Oct 29, 2015

Mexican police accused of shooting demonstrators point-blank in the head

World News Report: Mexican police shot unarmed protesters in the head as they were cowering on the ground, according to a hard-hitting report compiled by Human Rights Watch.

Demonstrators against the government were beaten with metal pipes, dragged to the ground and shot. A 20-year-old pregnant woman, Rosa Isela Orozco Sandoval, said she was punched, kicked and dragged across the ground. One witness told HRW that a policeman put a gun against his head, and only refrained from pulling the trigger when another policeman warned his colleague that locals were filming the confrontation.

"Based on the available evidence, it appears we’re looking at two more major atrocities by Mexican security forces," said Daniel Wilkinson, managing director of the Americas Division at Human Rights Watch. "While the government insists that police acted appropriately in both cases, what witnesses describe clearly involves extrajudicial killings."

At least 50 people died in the two incidents investigated by HRW – one in the town of Apatzingan, on January 6; the other in Tanhuato on May 22.

Eight were killed in Apatzingan after federal police broke up a demonstration involving citizen self-defence groups.

In Tanhuato, 42 civilians and one police officer died when federal police raided a compound allegedly occupied by a criminal gang.

The government response in both cases has been to deny all allegations of unlawful use of lethal force, and portray the victims as aggressors. No police officers have been charged for any misconduct in either incident.

Yet "Alejandro", a 19-year-old from Apatzingan, told the researchers a chilling tale of police brutality. In the early hours of January 7, on hearing of police attempts to end the protest, he went with friends – all unarmed – into the centre of the town.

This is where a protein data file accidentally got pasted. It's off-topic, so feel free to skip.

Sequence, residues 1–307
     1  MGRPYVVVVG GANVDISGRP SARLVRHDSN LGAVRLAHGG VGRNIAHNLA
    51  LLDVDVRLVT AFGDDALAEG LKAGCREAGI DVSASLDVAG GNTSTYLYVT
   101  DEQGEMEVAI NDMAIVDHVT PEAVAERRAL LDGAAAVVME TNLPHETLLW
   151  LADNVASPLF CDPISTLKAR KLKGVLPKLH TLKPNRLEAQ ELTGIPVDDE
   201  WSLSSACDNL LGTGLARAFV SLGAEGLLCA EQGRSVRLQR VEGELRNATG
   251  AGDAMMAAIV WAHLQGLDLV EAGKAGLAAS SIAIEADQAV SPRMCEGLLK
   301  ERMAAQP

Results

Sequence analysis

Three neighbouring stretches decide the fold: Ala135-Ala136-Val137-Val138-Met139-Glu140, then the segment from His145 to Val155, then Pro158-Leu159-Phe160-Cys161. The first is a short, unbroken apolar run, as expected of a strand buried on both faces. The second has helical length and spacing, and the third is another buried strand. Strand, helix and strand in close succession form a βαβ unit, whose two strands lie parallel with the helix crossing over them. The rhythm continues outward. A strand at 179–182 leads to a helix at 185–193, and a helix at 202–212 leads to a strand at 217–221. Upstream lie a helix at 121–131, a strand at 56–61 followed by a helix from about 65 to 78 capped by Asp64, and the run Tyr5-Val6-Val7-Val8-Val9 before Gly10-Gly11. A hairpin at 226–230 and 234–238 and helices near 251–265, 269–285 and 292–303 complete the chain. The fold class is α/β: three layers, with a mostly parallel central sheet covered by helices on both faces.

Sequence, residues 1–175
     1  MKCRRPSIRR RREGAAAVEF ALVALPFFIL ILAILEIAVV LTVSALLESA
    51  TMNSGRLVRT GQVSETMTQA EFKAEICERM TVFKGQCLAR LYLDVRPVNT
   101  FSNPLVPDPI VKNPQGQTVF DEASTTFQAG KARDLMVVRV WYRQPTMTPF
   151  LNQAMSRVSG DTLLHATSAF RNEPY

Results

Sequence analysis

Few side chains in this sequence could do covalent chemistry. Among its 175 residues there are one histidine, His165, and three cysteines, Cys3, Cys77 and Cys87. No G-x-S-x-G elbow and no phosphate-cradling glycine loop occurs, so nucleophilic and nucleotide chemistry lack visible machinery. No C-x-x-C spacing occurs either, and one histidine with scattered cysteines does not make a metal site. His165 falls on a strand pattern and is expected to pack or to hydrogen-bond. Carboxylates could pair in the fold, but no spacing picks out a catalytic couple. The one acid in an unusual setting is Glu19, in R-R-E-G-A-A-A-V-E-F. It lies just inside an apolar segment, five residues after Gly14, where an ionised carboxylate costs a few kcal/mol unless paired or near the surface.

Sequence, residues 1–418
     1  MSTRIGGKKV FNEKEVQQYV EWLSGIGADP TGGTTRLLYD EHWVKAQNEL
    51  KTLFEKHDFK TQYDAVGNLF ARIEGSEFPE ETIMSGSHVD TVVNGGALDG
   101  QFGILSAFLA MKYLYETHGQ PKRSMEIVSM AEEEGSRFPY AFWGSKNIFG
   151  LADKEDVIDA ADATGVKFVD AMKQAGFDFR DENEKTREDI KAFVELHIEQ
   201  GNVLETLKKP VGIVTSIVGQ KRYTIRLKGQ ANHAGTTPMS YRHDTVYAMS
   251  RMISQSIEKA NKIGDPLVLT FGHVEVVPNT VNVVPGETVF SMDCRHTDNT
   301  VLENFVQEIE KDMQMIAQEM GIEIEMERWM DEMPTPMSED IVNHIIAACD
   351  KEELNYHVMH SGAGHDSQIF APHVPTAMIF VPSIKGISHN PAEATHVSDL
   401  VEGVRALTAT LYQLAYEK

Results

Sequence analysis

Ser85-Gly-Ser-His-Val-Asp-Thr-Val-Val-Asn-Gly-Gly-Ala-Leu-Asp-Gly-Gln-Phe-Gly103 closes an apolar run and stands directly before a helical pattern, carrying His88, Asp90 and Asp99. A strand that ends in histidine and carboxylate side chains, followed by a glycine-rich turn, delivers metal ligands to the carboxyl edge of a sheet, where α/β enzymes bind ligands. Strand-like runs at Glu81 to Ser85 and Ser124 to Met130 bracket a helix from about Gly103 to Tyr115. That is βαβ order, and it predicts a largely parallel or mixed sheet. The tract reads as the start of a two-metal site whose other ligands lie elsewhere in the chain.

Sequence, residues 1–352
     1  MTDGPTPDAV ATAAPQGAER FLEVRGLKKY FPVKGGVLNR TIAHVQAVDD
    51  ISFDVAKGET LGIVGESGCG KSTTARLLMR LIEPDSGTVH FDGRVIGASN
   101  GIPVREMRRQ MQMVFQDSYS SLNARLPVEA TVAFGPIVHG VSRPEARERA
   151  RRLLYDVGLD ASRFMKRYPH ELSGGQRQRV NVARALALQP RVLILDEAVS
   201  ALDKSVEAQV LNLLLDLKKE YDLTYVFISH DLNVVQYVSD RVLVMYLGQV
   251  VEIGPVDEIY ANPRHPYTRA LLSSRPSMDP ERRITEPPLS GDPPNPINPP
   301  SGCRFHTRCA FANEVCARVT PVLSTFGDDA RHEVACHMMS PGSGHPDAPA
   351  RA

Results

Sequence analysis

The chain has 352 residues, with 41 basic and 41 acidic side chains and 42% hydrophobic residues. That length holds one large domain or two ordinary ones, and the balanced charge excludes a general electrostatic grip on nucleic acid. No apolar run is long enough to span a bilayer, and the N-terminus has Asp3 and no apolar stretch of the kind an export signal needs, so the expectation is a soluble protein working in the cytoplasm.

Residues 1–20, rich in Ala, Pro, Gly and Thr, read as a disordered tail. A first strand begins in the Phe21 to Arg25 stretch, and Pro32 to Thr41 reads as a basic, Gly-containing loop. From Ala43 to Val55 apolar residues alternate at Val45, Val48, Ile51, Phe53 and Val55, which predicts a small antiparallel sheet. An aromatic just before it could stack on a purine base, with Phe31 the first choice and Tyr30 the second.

As they arrived the police opened fire. Alejandro was able to retreat beneath a truck, where he hid between the tyres. He watched as two men were dragged from under the trucks and shot in the head.
He told HRW that a police officer pulled him out from under the truck, stepped on the bullet wound on his shoulder, and placed a gun to his head. Alejandro was saved, he said, by another federal police officer who told the first not to shoot because people from neighbouring houses had begun filming. As Alejandro lay bleeding he saw police plant guns on and around his injured and dead companions.
Two more men from the town independently corroborated Alejandro's story of the shootings, and said that ambulances were prevented from reaching the scene.

In Tanhuato, police raided a ranch on the outskirts of the town that was believed to house a criminal gang. Some of those in the ranch did fire at the police in front of the house, three witnesses said. But the witnesses said that many others dropped their weapons and did not fire back, and that at least five who attempted to flee into fields toward the back of the house were shot in the back by police.
Other men were shot by police inside the buildings – placed against a wall and shot; shot on the stairs; shot in the back while running away; or burned inside a warehouse adjacent to the house.
HRW's investigation was corroborated by a Mexican reporter who obtained internal documents from the police, confirming the massacres.

The report will heap further pressure on the embattled Mexican government, facing a string of accusations of human rights violations by their police.

In September 2014 a group of 43 students from the Ayotzinapa teacher training college were "disappeared" – only two of their bodies have been found, and the government has been strongly condemned by families for failing to investigate the case correctly. Dozens of arrests have been made, and yet the families still feel that they are not being told the whole story.

And in August this year, Amnesty International said torture in the country was "out of control".
“Time and again, the Mexican justice system has proved unable or unwilling to hold security forces to account for abuses,” said Mr Wilkinson.

“It may be that the only hope for a rigorous and transparent investigation into Apatzingan and Tanhuato is to establish an independent commission similar to the group of experts who are monitoring the Ayotzinapa case.”

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